- Reduction in total intake of fat and intake of saturated fat
- Increasing intake of dietary fibre
- Increasing physical activity
- Reversal of drug-related iatrogenic causation of glucose intolerance. Whenever possible, substitute agent(s) that do not have an adverse effect on glucose tolerance, or reduce the dosage of the offending drug, eg replacing a thiazide diuretic when treating hypertension, minimising use of corticosteroids.
- Several clinical trials have found that lifestyle modification is the most effective strategy to prevent progression to type 2 diabetes. Both metformin and acarbose have been demonstrated to decrease the development of type 2 diabetes.
- Ongoing clinical trials are evaluating other agents, including ACE inhibitors, angiotensin receptor antagonists and thiazolidinediones, to prevent both type 2 diabetes and cardiovascular events. In combination with lifestyle modification, these therapies may provide effective prevention of type 2 diabetes and its consequences in high-risk patients.
- There has been some showing that ACE inhibitors may have a role in preventing diabetes in individuals with high cardiovascular risk factors.
- 20-50% of people with impaired glucose tolerance will progress to type 2 diabetes within 10 years of diagnosis.
- In addition, people with impaired glucose tolerance are known to be at significantly increased risk of cardiovascular disease, which may present before the onset of diabetes. Rates of cardiovascular risk factors are intermediate between those with normal glucose tolerance and those with diabetes. Impaired fasting glycaemia has not been shown to be a risk factor for cardiovascular disease.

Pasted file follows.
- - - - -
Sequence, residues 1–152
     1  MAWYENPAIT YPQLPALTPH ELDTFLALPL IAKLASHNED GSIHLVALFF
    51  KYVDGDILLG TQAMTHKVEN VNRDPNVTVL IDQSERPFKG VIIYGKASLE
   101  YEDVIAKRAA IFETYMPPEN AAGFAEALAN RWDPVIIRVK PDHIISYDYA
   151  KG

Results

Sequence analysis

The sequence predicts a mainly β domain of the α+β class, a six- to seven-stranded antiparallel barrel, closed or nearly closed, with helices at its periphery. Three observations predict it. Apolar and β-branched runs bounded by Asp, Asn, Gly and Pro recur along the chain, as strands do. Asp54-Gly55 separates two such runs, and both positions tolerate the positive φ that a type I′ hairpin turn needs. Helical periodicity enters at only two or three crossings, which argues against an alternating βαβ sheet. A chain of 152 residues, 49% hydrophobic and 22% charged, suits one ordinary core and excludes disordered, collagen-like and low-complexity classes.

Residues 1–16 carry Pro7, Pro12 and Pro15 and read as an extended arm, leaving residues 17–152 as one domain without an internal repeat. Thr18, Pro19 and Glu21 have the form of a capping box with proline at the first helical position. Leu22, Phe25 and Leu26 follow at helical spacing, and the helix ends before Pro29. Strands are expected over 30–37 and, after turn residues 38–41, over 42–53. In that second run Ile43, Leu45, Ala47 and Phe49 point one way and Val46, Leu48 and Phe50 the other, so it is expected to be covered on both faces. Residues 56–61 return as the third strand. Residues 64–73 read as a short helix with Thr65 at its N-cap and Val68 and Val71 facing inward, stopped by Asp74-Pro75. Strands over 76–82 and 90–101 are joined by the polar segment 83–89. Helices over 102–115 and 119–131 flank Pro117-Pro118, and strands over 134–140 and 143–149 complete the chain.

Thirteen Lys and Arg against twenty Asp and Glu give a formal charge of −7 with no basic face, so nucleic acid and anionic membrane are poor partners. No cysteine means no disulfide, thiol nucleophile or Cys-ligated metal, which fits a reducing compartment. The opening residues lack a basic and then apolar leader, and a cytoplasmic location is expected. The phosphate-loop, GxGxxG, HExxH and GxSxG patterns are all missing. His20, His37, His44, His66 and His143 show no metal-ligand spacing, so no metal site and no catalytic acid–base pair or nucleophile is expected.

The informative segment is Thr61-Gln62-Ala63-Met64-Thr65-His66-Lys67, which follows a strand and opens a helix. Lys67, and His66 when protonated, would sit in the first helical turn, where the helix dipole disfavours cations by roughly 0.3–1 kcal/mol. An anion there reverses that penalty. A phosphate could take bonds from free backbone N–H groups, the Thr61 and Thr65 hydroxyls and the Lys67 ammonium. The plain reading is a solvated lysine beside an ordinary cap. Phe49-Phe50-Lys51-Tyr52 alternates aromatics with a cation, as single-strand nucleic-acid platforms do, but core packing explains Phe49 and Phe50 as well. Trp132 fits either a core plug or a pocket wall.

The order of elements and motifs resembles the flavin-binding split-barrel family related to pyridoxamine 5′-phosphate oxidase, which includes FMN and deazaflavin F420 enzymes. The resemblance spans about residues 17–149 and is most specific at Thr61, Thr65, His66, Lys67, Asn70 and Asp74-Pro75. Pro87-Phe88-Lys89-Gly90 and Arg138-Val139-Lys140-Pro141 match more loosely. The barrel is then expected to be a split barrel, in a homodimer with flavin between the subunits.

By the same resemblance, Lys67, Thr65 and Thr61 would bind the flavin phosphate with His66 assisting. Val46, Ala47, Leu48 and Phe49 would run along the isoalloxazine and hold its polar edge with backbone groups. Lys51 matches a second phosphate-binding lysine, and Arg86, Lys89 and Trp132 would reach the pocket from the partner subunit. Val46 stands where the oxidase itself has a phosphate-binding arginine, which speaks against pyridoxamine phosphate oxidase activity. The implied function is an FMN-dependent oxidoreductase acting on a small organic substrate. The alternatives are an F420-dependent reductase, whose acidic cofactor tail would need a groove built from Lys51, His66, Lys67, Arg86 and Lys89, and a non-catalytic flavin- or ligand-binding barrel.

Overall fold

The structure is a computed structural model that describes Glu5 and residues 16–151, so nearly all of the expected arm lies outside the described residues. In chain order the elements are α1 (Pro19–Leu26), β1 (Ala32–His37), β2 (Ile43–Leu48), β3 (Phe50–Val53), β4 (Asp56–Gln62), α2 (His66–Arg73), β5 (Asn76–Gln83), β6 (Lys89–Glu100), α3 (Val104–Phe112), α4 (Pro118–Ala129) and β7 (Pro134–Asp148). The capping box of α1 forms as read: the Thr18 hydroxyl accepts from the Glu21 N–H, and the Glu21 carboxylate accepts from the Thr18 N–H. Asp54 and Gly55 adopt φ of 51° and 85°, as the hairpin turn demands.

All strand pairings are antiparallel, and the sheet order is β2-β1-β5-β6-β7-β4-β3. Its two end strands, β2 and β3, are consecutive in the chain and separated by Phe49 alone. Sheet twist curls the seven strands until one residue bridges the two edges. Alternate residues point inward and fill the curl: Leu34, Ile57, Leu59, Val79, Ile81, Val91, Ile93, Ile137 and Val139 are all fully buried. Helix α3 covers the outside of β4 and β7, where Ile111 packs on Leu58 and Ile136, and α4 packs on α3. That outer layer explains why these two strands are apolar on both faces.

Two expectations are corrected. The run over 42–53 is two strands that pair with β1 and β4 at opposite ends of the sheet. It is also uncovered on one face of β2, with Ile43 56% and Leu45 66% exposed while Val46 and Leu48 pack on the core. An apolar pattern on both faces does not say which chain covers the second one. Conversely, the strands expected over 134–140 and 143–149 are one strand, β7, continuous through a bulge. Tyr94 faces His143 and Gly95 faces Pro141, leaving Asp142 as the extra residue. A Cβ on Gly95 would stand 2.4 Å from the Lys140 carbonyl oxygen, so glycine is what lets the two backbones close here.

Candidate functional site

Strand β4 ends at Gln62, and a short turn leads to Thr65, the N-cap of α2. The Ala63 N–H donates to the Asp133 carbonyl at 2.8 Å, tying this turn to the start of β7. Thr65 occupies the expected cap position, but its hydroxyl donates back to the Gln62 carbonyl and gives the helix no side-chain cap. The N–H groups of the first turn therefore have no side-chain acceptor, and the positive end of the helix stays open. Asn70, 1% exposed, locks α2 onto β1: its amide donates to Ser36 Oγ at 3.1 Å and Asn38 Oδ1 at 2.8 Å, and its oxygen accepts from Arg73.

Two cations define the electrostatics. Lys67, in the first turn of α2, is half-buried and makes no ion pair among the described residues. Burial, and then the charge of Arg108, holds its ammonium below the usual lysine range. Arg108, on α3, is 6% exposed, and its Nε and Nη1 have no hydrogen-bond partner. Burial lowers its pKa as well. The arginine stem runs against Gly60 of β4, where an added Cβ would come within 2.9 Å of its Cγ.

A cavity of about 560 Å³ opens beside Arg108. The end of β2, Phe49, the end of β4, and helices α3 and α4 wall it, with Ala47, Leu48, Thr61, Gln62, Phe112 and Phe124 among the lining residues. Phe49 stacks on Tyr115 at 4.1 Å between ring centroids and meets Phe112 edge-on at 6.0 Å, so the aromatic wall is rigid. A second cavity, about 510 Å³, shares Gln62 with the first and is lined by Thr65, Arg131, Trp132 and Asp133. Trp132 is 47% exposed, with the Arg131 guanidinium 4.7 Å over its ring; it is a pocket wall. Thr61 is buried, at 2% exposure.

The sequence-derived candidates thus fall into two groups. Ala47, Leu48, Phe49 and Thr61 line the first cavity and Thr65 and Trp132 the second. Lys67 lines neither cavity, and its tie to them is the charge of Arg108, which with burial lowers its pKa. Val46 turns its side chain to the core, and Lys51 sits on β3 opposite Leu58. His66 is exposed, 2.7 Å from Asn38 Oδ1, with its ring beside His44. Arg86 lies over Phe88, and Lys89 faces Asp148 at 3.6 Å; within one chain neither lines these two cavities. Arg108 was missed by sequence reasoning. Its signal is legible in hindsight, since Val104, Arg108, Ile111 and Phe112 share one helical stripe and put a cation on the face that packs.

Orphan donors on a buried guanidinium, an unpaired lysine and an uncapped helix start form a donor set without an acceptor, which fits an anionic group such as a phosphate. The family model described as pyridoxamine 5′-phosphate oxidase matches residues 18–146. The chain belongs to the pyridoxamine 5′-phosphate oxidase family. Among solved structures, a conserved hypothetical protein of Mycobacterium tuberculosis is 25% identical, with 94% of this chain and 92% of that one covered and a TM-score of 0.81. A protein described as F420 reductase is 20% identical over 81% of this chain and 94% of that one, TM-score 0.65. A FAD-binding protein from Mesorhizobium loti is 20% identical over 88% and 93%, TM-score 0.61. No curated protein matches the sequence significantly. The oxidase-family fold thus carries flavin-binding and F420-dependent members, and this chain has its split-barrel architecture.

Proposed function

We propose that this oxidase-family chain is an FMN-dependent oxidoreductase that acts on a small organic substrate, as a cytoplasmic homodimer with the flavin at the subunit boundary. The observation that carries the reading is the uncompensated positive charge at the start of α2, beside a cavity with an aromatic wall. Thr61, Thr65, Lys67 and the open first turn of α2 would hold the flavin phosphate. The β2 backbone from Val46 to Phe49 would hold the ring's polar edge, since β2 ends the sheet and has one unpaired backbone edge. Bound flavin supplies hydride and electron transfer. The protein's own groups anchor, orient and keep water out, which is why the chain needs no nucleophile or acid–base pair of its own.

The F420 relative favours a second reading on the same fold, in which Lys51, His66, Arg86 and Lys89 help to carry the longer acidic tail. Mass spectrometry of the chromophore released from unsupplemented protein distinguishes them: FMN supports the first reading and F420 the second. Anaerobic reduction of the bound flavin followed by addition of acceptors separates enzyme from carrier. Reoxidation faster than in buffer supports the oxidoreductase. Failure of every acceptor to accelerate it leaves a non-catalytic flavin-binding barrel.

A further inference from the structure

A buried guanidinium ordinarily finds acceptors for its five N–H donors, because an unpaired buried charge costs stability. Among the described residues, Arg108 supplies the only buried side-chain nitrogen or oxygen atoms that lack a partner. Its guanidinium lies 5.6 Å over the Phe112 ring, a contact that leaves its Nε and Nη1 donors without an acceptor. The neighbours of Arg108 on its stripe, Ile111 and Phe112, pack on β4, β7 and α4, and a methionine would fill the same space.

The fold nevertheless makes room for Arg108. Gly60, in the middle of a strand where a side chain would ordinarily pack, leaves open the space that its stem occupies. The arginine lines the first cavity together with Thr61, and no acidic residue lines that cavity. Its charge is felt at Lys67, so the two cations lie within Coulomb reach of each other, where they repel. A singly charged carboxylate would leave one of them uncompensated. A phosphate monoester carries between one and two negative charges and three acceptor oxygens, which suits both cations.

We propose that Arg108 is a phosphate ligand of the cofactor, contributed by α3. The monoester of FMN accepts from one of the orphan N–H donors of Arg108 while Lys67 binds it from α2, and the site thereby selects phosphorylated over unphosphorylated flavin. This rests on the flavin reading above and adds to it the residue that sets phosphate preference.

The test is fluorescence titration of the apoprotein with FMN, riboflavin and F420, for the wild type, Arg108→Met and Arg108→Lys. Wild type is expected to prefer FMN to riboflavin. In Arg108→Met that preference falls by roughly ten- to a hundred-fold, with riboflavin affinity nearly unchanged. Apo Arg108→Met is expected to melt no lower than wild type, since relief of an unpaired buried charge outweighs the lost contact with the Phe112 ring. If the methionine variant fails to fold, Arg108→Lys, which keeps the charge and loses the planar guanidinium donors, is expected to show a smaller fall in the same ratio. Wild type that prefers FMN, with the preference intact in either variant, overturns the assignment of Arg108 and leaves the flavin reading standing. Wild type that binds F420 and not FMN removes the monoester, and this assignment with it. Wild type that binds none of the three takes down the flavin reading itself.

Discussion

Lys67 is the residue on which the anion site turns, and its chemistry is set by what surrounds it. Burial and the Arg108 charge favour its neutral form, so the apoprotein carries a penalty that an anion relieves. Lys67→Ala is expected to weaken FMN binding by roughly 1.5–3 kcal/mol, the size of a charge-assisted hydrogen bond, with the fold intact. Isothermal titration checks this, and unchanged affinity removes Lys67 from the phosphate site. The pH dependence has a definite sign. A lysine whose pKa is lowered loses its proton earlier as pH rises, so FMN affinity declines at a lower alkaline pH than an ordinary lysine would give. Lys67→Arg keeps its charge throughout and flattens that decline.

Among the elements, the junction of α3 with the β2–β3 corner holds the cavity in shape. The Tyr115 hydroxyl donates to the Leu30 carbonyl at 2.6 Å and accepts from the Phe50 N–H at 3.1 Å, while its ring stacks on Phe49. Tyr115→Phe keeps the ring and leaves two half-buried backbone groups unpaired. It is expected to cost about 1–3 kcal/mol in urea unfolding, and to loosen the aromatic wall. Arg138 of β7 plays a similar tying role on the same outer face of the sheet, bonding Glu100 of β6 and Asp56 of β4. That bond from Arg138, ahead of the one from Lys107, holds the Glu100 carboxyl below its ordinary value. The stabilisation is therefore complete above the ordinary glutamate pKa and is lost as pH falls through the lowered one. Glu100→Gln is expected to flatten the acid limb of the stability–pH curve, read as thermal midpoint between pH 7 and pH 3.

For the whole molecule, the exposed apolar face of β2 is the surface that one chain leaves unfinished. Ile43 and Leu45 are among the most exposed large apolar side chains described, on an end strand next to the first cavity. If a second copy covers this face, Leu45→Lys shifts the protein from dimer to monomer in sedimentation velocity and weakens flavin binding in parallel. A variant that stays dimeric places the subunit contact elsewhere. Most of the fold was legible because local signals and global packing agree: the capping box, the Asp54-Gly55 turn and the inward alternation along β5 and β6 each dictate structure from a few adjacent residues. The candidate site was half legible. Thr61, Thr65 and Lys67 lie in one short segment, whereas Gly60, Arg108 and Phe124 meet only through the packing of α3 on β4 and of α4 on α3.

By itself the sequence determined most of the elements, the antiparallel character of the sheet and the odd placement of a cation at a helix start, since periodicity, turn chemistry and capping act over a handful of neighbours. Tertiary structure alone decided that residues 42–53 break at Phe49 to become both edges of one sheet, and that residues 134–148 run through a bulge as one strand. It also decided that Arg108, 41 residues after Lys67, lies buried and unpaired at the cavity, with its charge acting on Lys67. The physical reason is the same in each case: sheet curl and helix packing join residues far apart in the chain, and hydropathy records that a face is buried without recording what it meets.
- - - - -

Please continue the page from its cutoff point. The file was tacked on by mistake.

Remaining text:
- Baseline plasma glucose is the most consistent predictor of progression to diabetes.
- Impaired glucose tolerance has not been clearly associated with microvascular complications eg nephropathy, retinopathy or neuropathy.
- Avoid being overweight and eat a healthy diet, with high fibre, low fat and lots of fruit and vegetables.
- Encourage regular physical activity.
- Avoid alcohol abuse.
Further reading & references
- Olatunbosun ST et al; Glucose Intolerance, Medscape, Feb 2012
- Definition and Diagnosis of Diabetes Mellitus and Intermediate Hyperglycaemia, World Health Organization/International Diabetes Federation, 2006